Today is Thursday and I am wearing a jacket/trousers combination. Today’s linen blazer is 2-button, notch-lapel (this version of a lapel is also known as a Fish-tail lapel); the trousers are blue over blue stripes; the shirt is a hand-loom black/white gingham; today’s tie is of a red/blue silk knit variety coordinated with a red silk pocket square. Also, I am wearing a pair of black double-monk strap shoes and a vintage Tissot Seastar automatic in stainless steel.
Today I am wearing a dark coffee colored (looks almost black), 3-button suit with notch-lapels; a maroon candy stripe shirt with French cuffs; a check silk tie in red/blue/green/beige; a maroon silk pocket square; a pair of black half-brogue oxford shoes; and a vintage and rare Rado Elegance automatic watch in stainless steel.
Following is a note about three button suits. Technically, you can either fasten only the middle, or the first and second buttons of a 3 button suit. However, this choice is actually dictated by the roll of your lapel. In some three button suits, the roll of the lapel extends beyond the first button and it looks almost like a 2-button suit. In these suits, if you fasten the first two buttons, it will look odd because the jacket was designed for only the second (or middle) button to be fastened.
If carefully look at my suit today, you will find that the lapel extends beyond the first button and therefore, I have fastened only the second button. This is how this jacket was cu and intended to be worn. However, if you look at the suit I wore yesterday (which was also 3-button), you will find the lapel ends before the first button and therefore, it would be proper to fasten the first two buttons.
Today’s outfit consists of a greenish-gray, 3-button, notch-lapel, windowpane suit; a gray-green/white cotton Bengal striped shirt with French cuffs; a textured silk tie in gray, black, and maroon; a maroon silk pocket square; a pair of burnished-calf, oxford half-brogue shoes; and a vintage West End Watch Company, Sowar, Prima, automatic watch.
Today I am wearing an ash colored glen plaid, 1-button, peaked-lapel suit; a white cotton shirt with French cuffs; a textured ash colored silk tie; a white linen pocket square; a pair of black cap-toed shoes; and a vintage Rado Voyager Automatic in Stainless Steel.
Please note that a 1-button suit is considered to be a fashion-forward suit and not suitable for normal office wear. I can get away for two reasons: first, is that I am a CEO and can get away with it; and second, that very few people over here understand about suits. If you are going to face an interview, I would recommend that you wear either a three or two button suit in conservative colors.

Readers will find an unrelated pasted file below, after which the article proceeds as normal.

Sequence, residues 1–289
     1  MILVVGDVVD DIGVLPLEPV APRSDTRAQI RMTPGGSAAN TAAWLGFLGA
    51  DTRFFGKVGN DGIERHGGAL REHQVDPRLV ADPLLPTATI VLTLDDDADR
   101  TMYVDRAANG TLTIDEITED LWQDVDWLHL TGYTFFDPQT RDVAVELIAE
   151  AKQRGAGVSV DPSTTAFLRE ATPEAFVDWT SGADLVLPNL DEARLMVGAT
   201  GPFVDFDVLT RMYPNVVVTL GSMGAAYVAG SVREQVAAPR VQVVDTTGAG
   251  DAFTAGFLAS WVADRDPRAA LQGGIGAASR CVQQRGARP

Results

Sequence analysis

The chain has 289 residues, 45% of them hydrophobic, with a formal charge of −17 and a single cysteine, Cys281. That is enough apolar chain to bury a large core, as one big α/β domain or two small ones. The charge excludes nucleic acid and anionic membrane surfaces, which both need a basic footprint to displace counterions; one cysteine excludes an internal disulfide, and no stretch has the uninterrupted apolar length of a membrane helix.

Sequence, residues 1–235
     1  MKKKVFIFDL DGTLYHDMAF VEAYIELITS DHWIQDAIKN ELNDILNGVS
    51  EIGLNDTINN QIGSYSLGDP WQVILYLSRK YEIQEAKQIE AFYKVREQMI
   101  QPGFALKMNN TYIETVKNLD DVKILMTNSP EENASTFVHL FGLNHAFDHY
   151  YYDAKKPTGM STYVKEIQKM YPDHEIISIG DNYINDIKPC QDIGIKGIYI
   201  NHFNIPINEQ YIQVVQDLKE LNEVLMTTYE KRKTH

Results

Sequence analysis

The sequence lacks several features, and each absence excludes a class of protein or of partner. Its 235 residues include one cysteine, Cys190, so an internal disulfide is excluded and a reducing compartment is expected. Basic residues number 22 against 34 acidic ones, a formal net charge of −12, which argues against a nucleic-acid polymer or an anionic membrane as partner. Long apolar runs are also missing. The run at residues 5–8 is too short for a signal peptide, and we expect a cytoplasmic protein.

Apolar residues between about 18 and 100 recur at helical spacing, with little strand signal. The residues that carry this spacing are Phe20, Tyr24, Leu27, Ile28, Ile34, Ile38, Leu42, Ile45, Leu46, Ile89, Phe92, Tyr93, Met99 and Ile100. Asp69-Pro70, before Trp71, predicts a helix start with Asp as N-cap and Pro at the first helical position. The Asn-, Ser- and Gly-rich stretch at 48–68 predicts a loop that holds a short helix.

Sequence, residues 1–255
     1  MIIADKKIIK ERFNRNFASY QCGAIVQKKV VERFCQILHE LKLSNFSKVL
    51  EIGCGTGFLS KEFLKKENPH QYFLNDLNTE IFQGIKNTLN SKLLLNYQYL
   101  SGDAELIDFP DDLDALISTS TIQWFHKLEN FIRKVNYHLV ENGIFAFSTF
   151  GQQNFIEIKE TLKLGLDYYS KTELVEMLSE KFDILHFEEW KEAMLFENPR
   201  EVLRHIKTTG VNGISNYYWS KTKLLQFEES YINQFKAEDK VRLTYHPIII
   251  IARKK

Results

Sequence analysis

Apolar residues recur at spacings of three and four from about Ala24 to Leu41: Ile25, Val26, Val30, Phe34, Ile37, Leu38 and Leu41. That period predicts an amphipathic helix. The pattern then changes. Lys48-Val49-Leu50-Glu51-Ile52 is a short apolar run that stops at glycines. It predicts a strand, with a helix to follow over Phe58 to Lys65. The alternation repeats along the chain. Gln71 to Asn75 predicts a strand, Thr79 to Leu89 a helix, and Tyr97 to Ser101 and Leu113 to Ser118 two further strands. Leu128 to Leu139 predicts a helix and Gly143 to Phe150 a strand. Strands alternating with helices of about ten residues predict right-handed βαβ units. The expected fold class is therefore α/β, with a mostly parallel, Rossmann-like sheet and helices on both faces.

On the other hand, just don’t give a damn and wear whatever you want.
Today I am wearing a blue, 2-button, notch-lapel suit; a light blue plain cotton shirt with tabbed-collars and French cuffs; a printed silk tie of small blue paisley motifs over purple background, a blue silk pocket square; a pair of reddish-brown cap-toed oxford shoes , and a vintage Omaga Constellation Automatic.
I am back from a long holiday. My internet had some problems yesterday and therefore yesterday’s post in being published today.
Today I am wearing a charcoal gray, 2-button, peaked-lapel suit; a red check, hand loom cotton shirt with French cuffs; a solid red silk tie; a white linen pocket square; a pair of black oxford shoes; and a vintage Omega Constellation Chronometer automatic.
Normally, I prefer to wear either white, light blue, or light pink shirts with this suit. However, today I wanted to experiment with a red check shirt with a red tie. A red tie combined with a plain white, light blue, or light pink would be a very standard combination. However, today’s combination is a little challenging. But my opinion is that today’s ensemble came our nicely. I was, however, tempted to use a red pocket square but resisted the urge and used a white one instead. Too much matching is boring to the eyes.
Below are some recent photos: